A veteran-owned clothing brand put one of its suppliers on notice after it was allegedly using cotton from a slave labor region in China.
Tyler Merritt, veteran and CEO of Nine Line Apparel, joined “Fox & Friends” to share why he conducts isotopic testing on fabric to determine where it comes from and why he wants his products to come from sustainable sources.
“It’s very similar to a DNA test. So, it compares isotopes from a region in Xinjiang, China– This is a region where people are forced to work indefinitely for the simple fact of being born a Muslim– So, we test this material, and we’ve identified that Next Level apparel, doing business as YS Garments, which is the country… the importer of record… you know, that’s what came back consistent with Xinjiang cotton, not once, but a second time that we tested at a different lot, a different batch from a different distribution center came back as being consistent as well” he said.
He added that he spoke with the CEO of Next Level, a wholesaler producer and seller of blank apparel, who told him the company has a “zero tolerance policy” for forced labor but didn’t “elaborate really what that means.”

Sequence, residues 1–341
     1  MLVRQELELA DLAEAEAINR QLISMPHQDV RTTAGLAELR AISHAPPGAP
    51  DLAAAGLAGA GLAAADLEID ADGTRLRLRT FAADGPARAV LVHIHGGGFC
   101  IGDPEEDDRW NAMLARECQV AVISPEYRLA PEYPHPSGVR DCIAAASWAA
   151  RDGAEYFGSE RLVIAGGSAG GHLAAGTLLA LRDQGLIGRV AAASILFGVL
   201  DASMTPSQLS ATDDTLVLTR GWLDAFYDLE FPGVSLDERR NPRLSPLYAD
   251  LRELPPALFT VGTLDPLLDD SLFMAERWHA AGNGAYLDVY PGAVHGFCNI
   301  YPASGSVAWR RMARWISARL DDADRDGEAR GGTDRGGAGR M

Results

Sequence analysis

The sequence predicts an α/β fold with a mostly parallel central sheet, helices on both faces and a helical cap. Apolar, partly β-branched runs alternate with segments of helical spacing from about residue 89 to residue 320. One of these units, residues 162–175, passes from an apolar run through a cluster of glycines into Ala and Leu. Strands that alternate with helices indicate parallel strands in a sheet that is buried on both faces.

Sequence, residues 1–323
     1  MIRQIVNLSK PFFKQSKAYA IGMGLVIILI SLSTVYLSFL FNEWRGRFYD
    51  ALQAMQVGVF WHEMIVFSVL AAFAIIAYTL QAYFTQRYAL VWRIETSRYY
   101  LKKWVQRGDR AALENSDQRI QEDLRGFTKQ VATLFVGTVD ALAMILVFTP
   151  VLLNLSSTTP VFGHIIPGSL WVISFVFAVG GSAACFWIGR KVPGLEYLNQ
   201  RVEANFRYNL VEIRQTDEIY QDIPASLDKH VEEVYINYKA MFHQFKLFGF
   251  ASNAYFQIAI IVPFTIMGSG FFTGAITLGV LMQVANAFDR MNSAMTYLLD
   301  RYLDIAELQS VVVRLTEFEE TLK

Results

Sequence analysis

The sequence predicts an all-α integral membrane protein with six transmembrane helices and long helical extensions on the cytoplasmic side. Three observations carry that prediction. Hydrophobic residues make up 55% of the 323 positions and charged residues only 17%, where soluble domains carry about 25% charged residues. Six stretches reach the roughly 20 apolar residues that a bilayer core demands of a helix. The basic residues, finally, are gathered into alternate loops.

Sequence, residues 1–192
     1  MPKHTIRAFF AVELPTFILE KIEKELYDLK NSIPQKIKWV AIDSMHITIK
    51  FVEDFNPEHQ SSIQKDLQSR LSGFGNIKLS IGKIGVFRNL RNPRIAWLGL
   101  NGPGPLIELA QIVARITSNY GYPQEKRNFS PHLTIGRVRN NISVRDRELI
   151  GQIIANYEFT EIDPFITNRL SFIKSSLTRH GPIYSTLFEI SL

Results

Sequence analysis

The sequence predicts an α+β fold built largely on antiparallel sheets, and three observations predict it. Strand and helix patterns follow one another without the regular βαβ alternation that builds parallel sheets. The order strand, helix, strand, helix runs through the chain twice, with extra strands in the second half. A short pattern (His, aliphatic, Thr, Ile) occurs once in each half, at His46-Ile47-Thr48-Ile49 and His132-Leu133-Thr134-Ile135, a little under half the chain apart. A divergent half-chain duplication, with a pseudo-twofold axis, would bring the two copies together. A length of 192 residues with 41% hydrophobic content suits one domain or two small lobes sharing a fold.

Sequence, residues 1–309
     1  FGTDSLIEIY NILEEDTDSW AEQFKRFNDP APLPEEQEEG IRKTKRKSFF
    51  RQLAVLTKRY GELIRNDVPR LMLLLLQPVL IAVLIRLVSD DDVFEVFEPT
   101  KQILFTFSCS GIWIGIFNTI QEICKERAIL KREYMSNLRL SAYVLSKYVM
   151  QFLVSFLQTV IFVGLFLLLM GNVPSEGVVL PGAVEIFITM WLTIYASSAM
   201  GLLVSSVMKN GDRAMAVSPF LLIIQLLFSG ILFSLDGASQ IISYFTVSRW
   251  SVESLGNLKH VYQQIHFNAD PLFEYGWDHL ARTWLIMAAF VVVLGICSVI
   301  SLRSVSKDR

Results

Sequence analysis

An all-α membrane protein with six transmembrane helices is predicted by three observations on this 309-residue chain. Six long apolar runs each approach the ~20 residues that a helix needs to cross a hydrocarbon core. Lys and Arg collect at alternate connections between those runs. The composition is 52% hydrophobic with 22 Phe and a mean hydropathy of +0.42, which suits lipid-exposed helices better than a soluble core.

“And that’s what I’m doing here. You know, their lawyers have hit me up on a weekly, monthly basis telling me to stop testing, telling me to– essentially that they’ve got this under control. They’re going to do testing from here on out, and they’re going to self-govern. But that’s unacceptable to me,” Merrit told co-host Pete Hegseth.
Tyler Merritt, veteran and CEO of Nine Line Apparel, shares why he wants his products to come from sustainable sources.
Merritt shared that he would encourage other businesses to find out where their stuff is being made.
“I take products like Next Level and I relabel them not just for myself, but for our partners. I do private labels for some of my military units. I do it for church groups and school groups that my kids go to. And a lot of people don’t realize that their product may derive from the slave trade. And these are church organizations or school groups that people who, you know, visit my stores that are extremely patriotic. And at the very least, we want ethical sourcing,” he said.
A perimeter fence is constructed around what is officially known as a vocational skills education centre in Dabancheng in Xinjiang Uighur Autonomous Region, China September 4, 2018. This centre, situated between regional capital Urumqi and tourist spot Turpan, is among the largest known ones, and was still undergoing extensive construction and expansion at the time the photo was taken. Police in Dabancheng detained two Reuters journalists for more than four hours after the photos were taken. Picture taken September 4, 2018. (REUTERS/Thomas Peter)